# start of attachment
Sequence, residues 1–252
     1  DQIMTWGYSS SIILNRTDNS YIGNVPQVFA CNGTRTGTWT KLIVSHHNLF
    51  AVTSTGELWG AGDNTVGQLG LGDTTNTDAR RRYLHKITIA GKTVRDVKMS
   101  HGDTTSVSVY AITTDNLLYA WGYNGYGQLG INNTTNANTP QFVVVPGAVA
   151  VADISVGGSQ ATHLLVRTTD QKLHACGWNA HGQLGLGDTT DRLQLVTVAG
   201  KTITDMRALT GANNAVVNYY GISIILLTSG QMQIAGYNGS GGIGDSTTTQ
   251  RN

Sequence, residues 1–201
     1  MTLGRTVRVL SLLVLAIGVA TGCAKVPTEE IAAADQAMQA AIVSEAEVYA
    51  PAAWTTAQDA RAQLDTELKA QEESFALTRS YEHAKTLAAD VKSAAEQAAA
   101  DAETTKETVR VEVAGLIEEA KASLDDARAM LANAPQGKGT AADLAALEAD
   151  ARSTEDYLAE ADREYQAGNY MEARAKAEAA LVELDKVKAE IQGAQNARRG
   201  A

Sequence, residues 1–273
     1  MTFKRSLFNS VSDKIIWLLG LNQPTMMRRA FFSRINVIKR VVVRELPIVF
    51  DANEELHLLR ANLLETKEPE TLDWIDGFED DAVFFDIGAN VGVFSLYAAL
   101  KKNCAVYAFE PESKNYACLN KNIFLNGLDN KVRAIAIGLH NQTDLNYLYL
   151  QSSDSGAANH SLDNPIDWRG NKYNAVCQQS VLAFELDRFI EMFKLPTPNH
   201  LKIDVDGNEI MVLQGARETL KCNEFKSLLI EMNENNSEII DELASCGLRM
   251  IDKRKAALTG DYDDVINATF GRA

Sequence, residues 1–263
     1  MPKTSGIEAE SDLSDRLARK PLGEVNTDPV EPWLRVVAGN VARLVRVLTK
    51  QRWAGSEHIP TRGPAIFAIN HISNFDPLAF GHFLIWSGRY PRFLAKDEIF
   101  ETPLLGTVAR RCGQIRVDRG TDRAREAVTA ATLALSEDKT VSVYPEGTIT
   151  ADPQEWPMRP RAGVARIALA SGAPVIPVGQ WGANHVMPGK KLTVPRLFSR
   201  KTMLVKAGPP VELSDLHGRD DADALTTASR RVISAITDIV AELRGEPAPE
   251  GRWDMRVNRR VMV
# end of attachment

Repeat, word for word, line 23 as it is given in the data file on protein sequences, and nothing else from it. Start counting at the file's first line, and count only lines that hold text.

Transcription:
    51  QRWAGSEHIP TRGPAIFAIN HISNFDPLAF GHFLIWSGRY PRFLAKDEIF